• Insulin Resistance, Non-Alcoholic Fatty Liver Disease and Type 2 Diabetes Mellitus: Clinical and Experimental Perspective
    Inha Jung, Dae-Jeong Koo, Won-Young Lee
    Diabetes & Metabolism Journal.2024; 48(3): 327.     CrossRef
  • Physiology, pharmacology and prospects for dipeptidilpeptidase-4 inhibitors use
    D. V. Kurkin, D. A. Bakulin, E. I. Morkovin, A. V. Strygin, Yu. V. Gorbunova, E. V. Volotova, I. E. Makarenko, V. B. Saparova, R. V. Drai, V. I. Petrov
    Pharmacy & Pharmacology.2023; 11(1): 19.     CrossRef
  • Comparative effects between old and new antidiabetic agents on metabolic- associated fatty liver disease (MAFLD)
    André J. Scheen
    Diabetes Epidemiology and Management.2023; 11: 100145.     CrossRef
  • Pharmacokinetic, toxicological, and clinical considerations for the treatment of type 2 diabetes in patients with liver disease: a comprehensive update
    André J. Scheen
    Expert Opinion on Drug Metabolism & Toxicology.2023; 19(8): 543.     CrossRef
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Original Articles
Diabetes, Obesity and Metabolism
The Impact of Insulin Resistance on Hepatic Fibrosis among United States Adults with Non-Alcoholic Fatty Liver Disease: NHANES 2017 to 2018
Ji Cheol Bae, Lauren A. Beste, Kristina M. Utzschneider
Endocrinol Metab. 2022;37(3):455-465.   Published online June 21, 2022
DOI: https://doi.org/10.3803/EnM.2022.1434
  • 4,564 View
  • 141 Download
  • 11 Web of Science
  • 13 Crossref
AbstractAbstract PDFSupplementary MaterialPubReader   ePub   
Background
We aimed to investigate the association of hepatic steatosis with liver fibrosis and to assess the interactive effects of hepatic steatosis and insulin resistance on liver fibrosis in a nationally representative sample of United States adults.
Methods
We conducted a cross-sectional analysis using data from National Health and Nutrition Examination Survey 2017 to 2018, which for the first time included transient elastography to assess liver stiffness and hepatic steatosis. We evaluated the association between hepatic steatosis (using controlled attenuation parameter [CAP]) and clinically significant liver fibrosis (defined as liver stiffness ≥7.5 kPa) using logistic regression with an interaction term for hepatic steatosis and insulin resistance (defined as homeostatic model assessment of insulin resistance ≥3.0).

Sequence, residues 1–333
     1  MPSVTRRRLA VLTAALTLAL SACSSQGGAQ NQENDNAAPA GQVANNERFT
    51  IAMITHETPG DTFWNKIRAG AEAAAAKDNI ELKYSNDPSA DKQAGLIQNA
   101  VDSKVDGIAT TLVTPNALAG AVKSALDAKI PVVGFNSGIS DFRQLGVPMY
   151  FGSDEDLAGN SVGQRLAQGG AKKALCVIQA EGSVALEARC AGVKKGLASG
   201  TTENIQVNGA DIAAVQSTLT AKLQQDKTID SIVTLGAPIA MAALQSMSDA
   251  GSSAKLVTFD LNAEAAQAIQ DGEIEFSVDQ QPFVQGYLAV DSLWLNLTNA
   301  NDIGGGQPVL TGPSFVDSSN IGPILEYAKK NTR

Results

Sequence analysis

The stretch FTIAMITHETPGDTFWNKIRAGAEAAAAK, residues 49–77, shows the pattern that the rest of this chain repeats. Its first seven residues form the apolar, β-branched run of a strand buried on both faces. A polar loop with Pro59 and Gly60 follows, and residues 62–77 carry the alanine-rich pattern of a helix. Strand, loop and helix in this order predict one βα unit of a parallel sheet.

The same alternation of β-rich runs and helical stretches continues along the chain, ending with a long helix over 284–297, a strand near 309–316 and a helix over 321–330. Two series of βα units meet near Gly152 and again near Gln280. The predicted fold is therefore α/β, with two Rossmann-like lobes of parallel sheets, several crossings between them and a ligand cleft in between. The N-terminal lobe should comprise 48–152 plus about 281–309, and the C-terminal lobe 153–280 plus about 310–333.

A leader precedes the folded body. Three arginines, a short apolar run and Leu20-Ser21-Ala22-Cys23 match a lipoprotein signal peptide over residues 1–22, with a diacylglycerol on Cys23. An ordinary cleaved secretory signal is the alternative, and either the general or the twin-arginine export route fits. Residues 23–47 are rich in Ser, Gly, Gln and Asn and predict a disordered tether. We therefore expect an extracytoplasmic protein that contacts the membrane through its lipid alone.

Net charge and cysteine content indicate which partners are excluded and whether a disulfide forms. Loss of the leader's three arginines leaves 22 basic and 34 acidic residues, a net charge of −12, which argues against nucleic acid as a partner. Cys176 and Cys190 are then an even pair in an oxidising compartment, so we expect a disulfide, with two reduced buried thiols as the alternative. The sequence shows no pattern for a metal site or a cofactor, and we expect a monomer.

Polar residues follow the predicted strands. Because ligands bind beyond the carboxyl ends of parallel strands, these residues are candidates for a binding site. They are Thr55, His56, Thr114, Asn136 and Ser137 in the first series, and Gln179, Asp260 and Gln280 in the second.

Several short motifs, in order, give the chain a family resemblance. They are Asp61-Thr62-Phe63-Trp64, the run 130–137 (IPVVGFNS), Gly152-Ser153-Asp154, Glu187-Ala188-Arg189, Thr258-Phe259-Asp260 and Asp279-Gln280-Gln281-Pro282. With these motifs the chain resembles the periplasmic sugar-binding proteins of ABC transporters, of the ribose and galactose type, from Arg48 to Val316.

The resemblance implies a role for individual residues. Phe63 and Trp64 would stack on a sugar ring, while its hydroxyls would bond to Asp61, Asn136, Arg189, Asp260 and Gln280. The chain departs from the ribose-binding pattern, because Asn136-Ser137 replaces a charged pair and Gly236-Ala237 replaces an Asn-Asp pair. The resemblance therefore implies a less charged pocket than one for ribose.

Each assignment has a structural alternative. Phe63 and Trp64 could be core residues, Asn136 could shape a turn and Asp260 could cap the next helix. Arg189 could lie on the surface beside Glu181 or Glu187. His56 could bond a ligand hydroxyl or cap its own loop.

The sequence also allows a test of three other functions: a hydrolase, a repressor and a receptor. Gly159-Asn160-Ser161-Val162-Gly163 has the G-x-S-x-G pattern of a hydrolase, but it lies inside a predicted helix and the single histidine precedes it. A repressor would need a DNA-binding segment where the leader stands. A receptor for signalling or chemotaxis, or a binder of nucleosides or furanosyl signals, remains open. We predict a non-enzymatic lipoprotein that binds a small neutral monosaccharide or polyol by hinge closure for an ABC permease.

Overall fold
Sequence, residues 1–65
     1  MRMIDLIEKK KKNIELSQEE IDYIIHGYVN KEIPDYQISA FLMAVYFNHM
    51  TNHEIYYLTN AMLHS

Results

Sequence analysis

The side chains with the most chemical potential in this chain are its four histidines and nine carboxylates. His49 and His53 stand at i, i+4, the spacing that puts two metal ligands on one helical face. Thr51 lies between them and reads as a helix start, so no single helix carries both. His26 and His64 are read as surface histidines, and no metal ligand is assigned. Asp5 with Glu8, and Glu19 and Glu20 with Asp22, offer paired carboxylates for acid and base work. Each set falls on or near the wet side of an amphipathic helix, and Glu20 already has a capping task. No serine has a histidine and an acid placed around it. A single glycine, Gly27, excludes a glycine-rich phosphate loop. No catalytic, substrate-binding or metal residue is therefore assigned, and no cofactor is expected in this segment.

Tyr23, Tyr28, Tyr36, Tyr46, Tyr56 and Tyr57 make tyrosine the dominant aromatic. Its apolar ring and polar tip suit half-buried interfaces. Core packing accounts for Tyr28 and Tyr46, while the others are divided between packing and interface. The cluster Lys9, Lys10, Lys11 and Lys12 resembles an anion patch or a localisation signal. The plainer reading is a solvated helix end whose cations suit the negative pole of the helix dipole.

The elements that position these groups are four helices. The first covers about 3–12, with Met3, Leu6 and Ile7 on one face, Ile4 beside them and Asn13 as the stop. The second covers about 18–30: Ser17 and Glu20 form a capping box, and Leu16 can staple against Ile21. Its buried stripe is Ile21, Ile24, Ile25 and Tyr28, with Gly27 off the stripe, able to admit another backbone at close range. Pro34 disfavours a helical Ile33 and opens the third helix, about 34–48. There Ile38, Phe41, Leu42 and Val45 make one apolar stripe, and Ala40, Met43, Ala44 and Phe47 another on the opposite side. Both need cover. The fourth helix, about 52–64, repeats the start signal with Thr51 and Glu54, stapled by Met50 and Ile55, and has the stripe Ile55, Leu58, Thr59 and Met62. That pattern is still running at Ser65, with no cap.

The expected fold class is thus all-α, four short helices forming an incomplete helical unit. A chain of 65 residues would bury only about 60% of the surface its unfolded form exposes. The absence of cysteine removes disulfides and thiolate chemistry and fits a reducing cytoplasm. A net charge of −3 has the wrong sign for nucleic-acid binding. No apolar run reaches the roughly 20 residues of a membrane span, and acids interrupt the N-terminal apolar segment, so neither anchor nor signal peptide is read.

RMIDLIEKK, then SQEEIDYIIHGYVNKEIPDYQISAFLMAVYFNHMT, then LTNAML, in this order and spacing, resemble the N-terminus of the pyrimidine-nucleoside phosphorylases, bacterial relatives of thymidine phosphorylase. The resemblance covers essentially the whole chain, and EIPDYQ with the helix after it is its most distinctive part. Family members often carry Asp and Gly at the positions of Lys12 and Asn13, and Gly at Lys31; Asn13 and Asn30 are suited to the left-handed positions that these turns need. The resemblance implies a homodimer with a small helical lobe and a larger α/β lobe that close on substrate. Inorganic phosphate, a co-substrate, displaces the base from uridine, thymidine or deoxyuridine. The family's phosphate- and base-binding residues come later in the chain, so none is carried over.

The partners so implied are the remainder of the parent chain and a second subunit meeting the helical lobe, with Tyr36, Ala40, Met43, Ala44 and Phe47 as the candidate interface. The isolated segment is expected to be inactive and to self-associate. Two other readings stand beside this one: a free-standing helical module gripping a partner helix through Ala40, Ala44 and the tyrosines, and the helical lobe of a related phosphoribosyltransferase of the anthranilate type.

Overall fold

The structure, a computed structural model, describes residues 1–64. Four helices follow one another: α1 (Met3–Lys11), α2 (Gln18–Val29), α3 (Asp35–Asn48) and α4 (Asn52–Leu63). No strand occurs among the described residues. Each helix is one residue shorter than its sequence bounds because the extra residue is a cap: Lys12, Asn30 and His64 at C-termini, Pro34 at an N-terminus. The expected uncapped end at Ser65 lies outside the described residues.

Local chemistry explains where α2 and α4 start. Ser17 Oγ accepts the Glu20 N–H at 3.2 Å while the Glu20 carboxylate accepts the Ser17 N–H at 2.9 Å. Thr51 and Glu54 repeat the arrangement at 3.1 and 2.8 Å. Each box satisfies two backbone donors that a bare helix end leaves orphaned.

Results
Among adults undergoing transient elastography (n=2,023), 45.9% had moderate or greater hepatic steatosis and 11.3% had clinically significant liver fibrosis. After adjustment for demographic and metabolic factors, the odds of significant liver fibrosis increased as CAP score rose (odds ratio, 1.35 per standard deviation increment; 95% confidence interval, 1.11 to 1.64). We detected a significant interaction effect between CAP score and insulin resistance on the probability of significant liver fibrosis (P=0.016 for interaction). The probability of significant liver fibrosis increased in the presence of insulin resistance with increasing CAP score, while those without insulin resistance had low probability of significant liver fibrosis, even with high CAP scores.